Acadia Executes 3 New Acquisitions, Fueling 2024 Growth Strategy

Behavioral health operator Acadia Healthcare (Nasdaq: ACHC) is executing its strategic M&A plan for 2024 with the announcement of three new acquisitions. 

Franklin, Tennessee-based Acadia acquired three comprehensive treatment centers (CTCs) in North Carolina, bringing its number of CTC locations in the state to 10. The treatment centers combine behavioral therapy and medications for opioid use disorders (MOUDs) to treat opioid use disorders (OUDs).

Acadia recognized a “historic” opportunity for public entities and the private sector to expand access to care in light of the federally-funded State Opioid Response (SOR) grants and the announced opioid settlement funds, according to Dr. Nasser Khan, operations group president for Acadia’s CTC business.


“We felt that the nature of the settlement funding processes is such that funds are distributed to states and counties with some general guidelines but with a fair amount of latitude for how those funds are distributed and then deployed,” Khan told Behavioral Health Business.

The acquired CTCs are located in Raleigh, Greenville and Hillsborough, North Carolina, respectively. 

Acadia targeted these specific locations after co-conducting an analysis of treatment gaps in North Carolina with the University of North Carolina’s Center for the Business of Health. The company provides UNC financial support to allow the university to work independently to develop community-based strategies to mitigate the effects of the opioid epidemic in North Carolina.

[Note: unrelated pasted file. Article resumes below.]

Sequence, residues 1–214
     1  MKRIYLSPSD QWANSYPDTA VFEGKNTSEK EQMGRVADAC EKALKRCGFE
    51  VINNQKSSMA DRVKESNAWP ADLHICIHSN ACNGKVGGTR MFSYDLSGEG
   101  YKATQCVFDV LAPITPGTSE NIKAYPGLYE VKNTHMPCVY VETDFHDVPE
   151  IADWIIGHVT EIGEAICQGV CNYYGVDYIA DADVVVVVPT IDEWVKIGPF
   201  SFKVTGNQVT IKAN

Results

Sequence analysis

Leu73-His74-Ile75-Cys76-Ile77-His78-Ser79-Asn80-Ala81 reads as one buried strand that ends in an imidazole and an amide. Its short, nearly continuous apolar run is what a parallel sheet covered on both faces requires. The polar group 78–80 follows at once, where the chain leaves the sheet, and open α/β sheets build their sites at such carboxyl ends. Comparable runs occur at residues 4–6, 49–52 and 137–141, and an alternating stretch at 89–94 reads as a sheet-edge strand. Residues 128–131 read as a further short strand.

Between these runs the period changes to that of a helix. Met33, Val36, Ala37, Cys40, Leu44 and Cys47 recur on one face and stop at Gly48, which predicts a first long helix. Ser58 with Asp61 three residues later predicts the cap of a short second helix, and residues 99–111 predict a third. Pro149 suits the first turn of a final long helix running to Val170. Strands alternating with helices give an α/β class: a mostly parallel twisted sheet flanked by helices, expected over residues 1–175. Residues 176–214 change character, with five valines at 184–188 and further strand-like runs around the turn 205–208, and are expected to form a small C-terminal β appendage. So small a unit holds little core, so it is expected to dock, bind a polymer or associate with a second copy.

“[Acadia felt that] an academic institution such as UNC, particularly because there’s a significant opioid crisis in North Carolina, would be a good partner in order to bring independent, rigorous thinking on what are the highest ROI strategies for deploying those funds,” Khan said.

The new centers will likely achieve financial maturity in approximately two to three years, aligning with Acadia’s overall margin profile, Khan said. This timeline varies greatly across different geographies.

“[The] high degree of variability across different geographies speaks to variability in regards to regulations and different requirements and states from an operational standpoint as well as reimbursement structures,” Khan said.

North Carolina’s approach to behavioral health treatment programs makes the state an especially attractive location for expansion.

“North Carolina has been really progressive and one of the more recent states to expand access to Medicaid,” Khan said. “That goes hand-in-hand with the ability to expand access to care.”

The acquisitions align with Acadia’s 2024 strategic plan, which includes a focus on M&A to expand access to care. The company has also committed to increase the pace of de novo growth from a historic six per year to 14 in 2024.

The company is also leveraging innovative care models, such as mobile opioid treatment vans, to expand its physical capacity. The North Carolina CTC locations will serve as hubs for deploying Acadia mobile vans.

It is also seeking to leverage med units to increase capacity in light of the updates to the 42 CFR Part 8 final rule which include changes that promote practitioner autonomy and reduce barriers to receiving care.

Each of the new CTC locations will provide a comprehensive array of treatment modalities, including outpatient services, individual and group therapy, intensive outpatient programs (IOPs) and partial hospitalization programs (PHPs).

“These acquisitions build upon our existing and strong clinical foundation within the state of North Carolina,” Chris Hunter, chief executive officer of Acadia Healthcare, said in a statement. “The facilities are fully operational with strong track records of positive patient outcomes.”

Acadia operates a network of 253 behavioral health facilities in 38 states and Puerto Rico and serves more than 75,000 patients daily. The newly acquired facilities bring the company’s total number of CTCs to 160.

Acadia executives told Behavioral Health Business about two of the three acquisitions, Raleigh Methadone Treatment Center and Greenville Recovery Center, earlier this month. The locations were previously part of outpatient addiction treatment provider Sellati & Co. Inc., which also operates in Virginia.

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